HCDE, Lamar Consolidated ISD partner to grow positivity through Kindness Academy
Pre-teen Alyssa Perez, a bordering-on-shy, sixth grader who likes to play chess, discovered her voice in the Kindness Academy at Navarro Middle School in Lamar Consolidated Independent School District.
Her principal Stephanie McElroy believes what kids have to say is important, and staff listens in order to help build a positive school community. Introduced to the school last year, the Kindness Academy is multi-faceted but thrives on the basic principle of spreading goodness, not bullying.
“I firmly believe when you focus on the positive traits in people, you will get positive actions in return,” said McElroy. “When you focus on punitive measures, actions do not necessarily change.”
Harris County Department of Education’s Center for Safe and Secure Schools works as consultants with Navarro to provide resources for character education through a program called Restorative Practices. Restorative Practices strengthens relationships between individuals and promotes social connections within school communities.
School safety and security specialist Janice Owolabi meets with staff at Navarro for trainings on student behavior and de-escalation strategies. The student component focuses on building the momentum of “Acts of Random Kindness” or ARK.
“The Center for Safe and Secure Schools is excited to work with Navarro to promote safe, structured, nurturing environments for an anti-bullying culture,” said Owolabi.
The low-income school is 75-80 percent Hispanic, and some of its 500 students come from foster care or group-home backgrounds. Research supports establishing community and respecting student voice to promote the social-emotional development of students.
Students and staff each belong to four houses. The goal is to build a family culture within each house. Students earn points for the positives: grades, acts of kindness, effort, campus participation and behavior.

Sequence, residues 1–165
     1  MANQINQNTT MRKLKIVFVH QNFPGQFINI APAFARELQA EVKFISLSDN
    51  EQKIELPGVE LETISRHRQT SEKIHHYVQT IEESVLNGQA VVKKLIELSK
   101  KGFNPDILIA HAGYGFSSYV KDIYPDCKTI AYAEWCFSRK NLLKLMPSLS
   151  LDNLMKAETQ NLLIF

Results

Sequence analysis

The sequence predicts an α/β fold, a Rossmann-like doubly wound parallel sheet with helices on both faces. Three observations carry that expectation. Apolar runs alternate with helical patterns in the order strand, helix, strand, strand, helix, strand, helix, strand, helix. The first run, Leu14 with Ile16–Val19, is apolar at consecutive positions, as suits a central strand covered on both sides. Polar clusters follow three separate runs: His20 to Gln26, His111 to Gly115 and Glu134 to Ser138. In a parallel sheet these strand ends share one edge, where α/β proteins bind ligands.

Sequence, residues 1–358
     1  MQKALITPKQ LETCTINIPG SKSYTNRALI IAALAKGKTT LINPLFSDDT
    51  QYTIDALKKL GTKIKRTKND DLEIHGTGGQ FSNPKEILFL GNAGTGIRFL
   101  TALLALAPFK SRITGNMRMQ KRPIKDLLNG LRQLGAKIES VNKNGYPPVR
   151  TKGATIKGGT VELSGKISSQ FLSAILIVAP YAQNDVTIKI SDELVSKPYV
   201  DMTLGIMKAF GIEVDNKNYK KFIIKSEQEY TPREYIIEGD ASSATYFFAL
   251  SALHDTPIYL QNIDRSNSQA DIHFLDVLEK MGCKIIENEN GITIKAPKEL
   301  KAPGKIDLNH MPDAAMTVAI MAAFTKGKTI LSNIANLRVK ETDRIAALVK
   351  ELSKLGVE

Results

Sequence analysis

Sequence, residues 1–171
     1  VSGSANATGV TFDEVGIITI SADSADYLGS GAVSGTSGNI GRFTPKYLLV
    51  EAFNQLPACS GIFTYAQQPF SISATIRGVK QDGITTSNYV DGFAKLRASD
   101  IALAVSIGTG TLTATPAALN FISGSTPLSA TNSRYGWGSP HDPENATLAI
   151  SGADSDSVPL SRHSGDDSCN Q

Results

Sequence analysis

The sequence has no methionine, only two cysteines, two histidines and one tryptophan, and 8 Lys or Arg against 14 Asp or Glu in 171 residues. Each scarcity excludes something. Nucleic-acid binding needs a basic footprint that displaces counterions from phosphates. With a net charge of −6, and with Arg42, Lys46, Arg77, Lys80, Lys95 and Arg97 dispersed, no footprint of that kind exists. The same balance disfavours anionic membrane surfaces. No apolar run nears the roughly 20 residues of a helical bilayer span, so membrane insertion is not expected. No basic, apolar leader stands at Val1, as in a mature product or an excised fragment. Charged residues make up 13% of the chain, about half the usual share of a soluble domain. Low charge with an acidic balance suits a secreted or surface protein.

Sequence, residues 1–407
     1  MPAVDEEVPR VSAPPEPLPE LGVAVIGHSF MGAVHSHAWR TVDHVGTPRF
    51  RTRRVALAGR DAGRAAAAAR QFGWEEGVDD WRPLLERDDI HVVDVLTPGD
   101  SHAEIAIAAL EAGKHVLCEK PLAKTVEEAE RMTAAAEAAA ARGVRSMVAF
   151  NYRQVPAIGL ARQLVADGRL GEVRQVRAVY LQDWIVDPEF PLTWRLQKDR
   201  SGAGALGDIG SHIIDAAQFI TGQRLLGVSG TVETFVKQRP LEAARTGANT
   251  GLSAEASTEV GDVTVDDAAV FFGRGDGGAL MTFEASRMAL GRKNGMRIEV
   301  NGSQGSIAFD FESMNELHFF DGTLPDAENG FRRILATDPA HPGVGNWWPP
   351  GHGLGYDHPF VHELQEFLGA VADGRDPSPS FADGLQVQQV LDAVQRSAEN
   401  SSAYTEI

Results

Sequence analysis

“The houses serve as a team for the students and faculty,” said McElroy. “We work to build a collective team spirit; uphold the character traits; and build a family culture within the houses.”
Instead of focusing on anti-bullying education, the goal is to teach children to combat hatred in society.
“The best, most impactful way to do that is to teach children compassion, caring, courage and kindness,” said McElroy.
Giselle Hernandez says the Kindness Academy taught her to reach out to others, like the new girl who had no one to talk to.
“Before, she was shy and scared of everyone because she thought they would be rude to her,” Hernandez said. “Now she knows who she is and is learning to help others.”
With the introduction of the Kindness Academy, students are not allowed to have cell phones on campus. The overall reaction has been positive, according to Hernandez.
“I saw other kids bullying using their devices,” Hernandez said. “Now that they don’t have them, there is no bullying, just positivity.”
Kindness continues to spread at Navarro. Counselor Tanesha Crockett says the school is building a community of support for each other. A student steps into her office and she sets aside the mountain of paperwork to ask how the day is going.
That student is off to a house pep rally, one of four held during the year to promote a sense of community. The halls are filled with drumbeats, chants and students who have a collective sense of well-being.
“With public school days being filled with testing and accountability measures, kids often feel voiceless,” Owalabi said. “Through Restorative Discipline, we are allowing our students to have a voice and be heard and not shut down.”
Perez, 12, hangs out with her siblings and talk to her dogs when she’s a little sad. Her empathy for others is deep because of the acts of random kindness mentality. She continues to grow her leadership skills in her school.
Hernandez is intent on cultivating her kind voice too.
“I have become a leader because I don’t want bullying to be a thing anymore,” she said. “Kids need to have a voice so if something does happen to them, then they know what to say.”